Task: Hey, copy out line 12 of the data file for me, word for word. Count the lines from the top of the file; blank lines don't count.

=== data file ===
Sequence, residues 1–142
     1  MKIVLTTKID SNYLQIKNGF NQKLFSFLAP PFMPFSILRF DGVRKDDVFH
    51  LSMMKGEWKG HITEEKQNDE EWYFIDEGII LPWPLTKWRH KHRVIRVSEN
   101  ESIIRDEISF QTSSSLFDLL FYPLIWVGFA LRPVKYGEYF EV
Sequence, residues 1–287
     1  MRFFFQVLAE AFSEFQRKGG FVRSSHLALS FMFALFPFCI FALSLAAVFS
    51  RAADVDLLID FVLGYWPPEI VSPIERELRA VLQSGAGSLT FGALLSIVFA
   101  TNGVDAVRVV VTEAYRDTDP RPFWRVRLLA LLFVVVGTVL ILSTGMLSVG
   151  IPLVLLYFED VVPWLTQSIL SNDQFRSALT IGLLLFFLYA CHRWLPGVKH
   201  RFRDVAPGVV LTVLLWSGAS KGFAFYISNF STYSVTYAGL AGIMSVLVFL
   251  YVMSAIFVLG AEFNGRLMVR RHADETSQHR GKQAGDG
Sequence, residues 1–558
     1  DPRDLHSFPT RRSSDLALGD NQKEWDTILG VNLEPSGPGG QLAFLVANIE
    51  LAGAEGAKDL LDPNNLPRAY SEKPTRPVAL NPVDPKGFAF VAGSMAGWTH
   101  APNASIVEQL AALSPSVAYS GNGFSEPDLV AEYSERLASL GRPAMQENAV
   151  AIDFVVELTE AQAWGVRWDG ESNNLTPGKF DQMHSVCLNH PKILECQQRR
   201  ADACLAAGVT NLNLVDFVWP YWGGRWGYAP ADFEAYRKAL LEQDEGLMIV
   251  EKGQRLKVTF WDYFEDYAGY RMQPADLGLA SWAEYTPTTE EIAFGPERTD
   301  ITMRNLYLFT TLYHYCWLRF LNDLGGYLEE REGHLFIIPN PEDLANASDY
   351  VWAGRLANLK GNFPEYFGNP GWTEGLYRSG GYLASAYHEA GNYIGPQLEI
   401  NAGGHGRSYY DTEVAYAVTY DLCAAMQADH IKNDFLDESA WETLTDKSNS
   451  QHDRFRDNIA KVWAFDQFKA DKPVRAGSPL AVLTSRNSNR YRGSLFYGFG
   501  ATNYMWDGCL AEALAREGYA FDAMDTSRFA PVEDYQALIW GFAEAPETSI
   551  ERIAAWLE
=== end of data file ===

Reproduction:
Sequence, residues 1–558